4) You cover a range of experience levels, but do you have recipes that offer variations for those who are vegetarian, vegan and even lactose intolerant & gluten-free? I mean, we’re talking students here 😛
The veg chapter is the longest in the book, and I really tried to show people how to cook creatively with vegetables. Loads of those recipes are vegan, too, although I didn’t purposely focus on that. While there are loads of lactose and gluten-free recipes, I didn’t mark them out. Maybe in my next one!
5) Your main target is students – who else and why would anyone buy Yum-mo?
Well, the typical challenges that students face (flat pockets, low electricity meters, limited time and lack of expertise) are issues for many people. The book is for all of them, too. Anyone that’s just a little intimidated by the kitchen space, or by grocery stores. Anyone that hears all this talk of herbs and spices but doesn’t really know where to go with cumin or thyme or cardamom. Also, people who never know what the hell to cook. It’s always the hardest part, I feel. And flicking through Yum-mo should inspire all sorts of ideas. Also – anyone who wants to move away from jar-sauces and instant mixes but just doesn’t quite know how. And while it really is aimed at beginners, there are also loads of ideas for people who can already cook but just want a few ideas for flavour combos and impressive things for special occasions.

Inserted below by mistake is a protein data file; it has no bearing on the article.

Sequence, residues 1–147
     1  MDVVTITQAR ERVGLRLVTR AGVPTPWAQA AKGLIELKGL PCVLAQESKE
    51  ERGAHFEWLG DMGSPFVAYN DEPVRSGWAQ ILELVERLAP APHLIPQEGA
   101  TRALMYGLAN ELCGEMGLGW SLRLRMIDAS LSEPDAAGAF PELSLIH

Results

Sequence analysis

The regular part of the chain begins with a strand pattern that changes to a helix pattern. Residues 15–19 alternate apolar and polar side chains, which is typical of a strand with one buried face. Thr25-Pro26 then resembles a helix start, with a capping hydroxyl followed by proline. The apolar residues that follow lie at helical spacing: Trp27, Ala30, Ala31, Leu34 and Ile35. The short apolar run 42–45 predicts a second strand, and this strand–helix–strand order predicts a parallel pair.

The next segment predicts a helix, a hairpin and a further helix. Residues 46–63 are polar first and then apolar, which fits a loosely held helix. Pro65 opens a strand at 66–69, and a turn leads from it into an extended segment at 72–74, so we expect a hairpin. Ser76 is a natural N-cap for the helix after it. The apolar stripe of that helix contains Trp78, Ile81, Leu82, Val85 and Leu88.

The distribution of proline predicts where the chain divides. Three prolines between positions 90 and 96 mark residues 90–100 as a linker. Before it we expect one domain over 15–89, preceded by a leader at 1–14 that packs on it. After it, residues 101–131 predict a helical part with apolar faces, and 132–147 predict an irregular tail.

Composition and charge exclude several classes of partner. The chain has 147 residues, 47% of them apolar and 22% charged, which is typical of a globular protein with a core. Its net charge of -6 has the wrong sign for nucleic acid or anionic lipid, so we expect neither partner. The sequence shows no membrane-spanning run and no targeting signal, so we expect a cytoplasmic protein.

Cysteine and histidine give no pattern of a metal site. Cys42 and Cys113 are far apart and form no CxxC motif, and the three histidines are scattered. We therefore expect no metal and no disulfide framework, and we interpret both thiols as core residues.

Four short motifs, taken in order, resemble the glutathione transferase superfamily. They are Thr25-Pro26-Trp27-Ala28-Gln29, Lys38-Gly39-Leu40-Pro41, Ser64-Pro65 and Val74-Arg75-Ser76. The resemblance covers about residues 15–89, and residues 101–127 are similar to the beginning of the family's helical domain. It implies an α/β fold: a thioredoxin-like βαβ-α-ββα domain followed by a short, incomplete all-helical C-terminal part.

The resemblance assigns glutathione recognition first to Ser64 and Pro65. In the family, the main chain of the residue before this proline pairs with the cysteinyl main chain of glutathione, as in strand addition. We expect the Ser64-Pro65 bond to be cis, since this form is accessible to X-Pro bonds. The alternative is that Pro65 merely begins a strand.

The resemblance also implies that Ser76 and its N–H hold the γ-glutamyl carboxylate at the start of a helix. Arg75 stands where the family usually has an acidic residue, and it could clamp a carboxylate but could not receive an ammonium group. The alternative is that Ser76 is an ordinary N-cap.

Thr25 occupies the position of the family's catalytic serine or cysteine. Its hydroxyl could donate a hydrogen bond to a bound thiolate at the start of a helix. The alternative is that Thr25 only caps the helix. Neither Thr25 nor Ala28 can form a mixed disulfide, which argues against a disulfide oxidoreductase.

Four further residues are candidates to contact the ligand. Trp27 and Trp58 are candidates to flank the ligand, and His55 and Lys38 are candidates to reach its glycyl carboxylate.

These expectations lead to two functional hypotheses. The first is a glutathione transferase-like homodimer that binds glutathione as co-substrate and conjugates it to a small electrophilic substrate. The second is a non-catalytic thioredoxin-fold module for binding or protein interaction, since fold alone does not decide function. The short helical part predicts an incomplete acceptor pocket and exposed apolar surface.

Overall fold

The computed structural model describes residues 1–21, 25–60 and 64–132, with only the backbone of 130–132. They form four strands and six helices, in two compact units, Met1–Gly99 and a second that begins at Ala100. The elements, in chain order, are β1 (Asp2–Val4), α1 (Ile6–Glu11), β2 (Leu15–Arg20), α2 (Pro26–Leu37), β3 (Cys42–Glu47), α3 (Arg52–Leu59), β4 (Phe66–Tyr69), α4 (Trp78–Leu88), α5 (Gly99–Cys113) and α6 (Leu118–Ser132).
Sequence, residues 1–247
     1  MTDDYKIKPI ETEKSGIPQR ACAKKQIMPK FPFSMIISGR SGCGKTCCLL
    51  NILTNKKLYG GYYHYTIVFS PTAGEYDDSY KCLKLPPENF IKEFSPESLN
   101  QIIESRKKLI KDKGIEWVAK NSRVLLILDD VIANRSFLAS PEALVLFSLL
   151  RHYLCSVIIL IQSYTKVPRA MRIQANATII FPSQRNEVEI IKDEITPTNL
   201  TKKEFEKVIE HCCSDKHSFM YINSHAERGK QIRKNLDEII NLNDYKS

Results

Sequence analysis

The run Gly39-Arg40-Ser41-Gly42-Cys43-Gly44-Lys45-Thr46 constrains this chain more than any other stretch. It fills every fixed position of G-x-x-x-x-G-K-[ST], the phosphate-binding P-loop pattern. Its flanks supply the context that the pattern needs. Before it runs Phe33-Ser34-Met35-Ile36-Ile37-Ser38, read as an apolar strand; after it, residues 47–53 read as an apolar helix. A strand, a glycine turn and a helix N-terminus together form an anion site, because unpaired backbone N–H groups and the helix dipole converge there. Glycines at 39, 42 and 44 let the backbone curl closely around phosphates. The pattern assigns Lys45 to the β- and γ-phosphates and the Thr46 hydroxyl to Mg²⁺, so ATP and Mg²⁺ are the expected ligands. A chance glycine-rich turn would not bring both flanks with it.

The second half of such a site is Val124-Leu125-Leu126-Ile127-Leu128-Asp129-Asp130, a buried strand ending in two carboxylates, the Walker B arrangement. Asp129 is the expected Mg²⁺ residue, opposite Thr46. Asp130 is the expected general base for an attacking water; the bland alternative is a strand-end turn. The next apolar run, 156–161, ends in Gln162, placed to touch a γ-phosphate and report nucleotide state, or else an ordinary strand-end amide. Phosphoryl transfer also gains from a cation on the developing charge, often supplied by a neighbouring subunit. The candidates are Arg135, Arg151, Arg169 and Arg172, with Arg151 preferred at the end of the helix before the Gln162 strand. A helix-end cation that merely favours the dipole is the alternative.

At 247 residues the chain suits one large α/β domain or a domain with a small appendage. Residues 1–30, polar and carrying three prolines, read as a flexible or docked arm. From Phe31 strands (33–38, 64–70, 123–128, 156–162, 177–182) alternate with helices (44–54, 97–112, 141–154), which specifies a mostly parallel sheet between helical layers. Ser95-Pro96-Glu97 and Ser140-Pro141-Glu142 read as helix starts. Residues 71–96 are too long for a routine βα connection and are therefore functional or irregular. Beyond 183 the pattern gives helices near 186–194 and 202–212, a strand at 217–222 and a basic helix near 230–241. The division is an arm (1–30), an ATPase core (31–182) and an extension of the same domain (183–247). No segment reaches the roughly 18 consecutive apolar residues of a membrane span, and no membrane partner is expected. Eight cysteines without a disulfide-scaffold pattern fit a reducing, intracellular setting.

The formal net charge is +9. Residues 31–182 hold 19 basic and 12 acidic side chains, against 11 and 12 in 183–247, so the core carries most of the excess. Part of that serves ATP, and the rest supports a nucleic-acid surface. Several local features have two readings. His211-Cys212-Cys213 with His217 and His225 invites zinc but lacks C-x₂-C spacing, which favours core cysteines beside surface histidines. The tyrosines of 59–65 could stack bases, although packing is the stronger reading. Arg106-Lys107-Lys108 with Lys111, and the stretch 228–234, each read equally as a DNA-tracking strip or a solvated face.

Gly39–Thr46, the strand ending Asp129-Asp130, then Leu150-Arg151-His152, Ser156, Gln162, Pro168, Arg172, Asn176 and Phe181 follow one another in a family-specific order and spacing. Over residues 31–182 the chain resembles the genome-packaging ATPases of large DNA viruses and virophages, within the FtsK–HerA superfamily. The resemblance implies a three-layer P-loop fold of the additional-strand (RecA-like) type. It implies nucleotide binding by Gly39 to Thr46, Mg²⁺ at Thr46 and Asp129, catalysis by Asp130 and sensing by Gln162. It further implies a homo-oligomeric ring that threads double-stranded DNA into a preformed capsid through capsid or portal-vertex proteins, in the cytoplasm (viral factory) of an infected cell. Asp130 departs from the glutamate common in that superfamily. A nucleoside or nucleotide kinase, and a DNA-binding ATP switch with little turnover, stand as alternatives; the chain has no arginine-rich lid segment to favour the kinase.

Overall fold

6) As with any action, there are events that tend to follow. How’s the future looking for both the book and your cooking?
I think the book’s future is looking peach-like. There has been a lot of interest from the media (I’m going to be on TV, the marketing people say), and new things are unrolling every day. I’ll keep cooking, I have to feed myself during my Research Masters in Social Anthropology (which I’m currently doing at UCT). I’m working on food from a rather different perspective – how nourishment is shaped in the first 1000 days of life. So basically my vibe is to keep cooking. Keep reading. Keep writing. And keep thinking about what food means to us, and then see how things unfold from there. I’m hoping that one day my cooking and anthropological and writing lives will cross and I’ll happily waltz around in the worlds between them till then.
7) The most original feature in your book?
The icon for low power usage (when I lived in Grahamstown expensive electricity plagued my life so I figured it’s important to lots of students).
8) Spicy Mexican or Sweetheart Dessert?
I AM ADDICTED TO NACHOS. And spice. And guacamole.
9) Your kitchen essential?
A good knife. And a hand blender. And an snackwich maker. I know. 3. But shoo. Also a good pan. .Yoh. It’s too hard to just pick one. That’s why I put a triangular Yum-mo hierachy of kitchen needs in the book so you could see what the priorities are.
10) Best album to cook to?
Hmmm I feel that the album really depends on what you are making. And what you’re drinking.
But I might cook meat to The Arctic Monkeys (AM) and spunky salads and veggie dishes to Caravan Palace. And I make pasta or risotto to Edith Piaf (you should try it. It just feels right.). And I like to bake to Hot Chip (The Warning, and Made In The Dark- actually there are so many applicable baking lines for baking in both those albums). [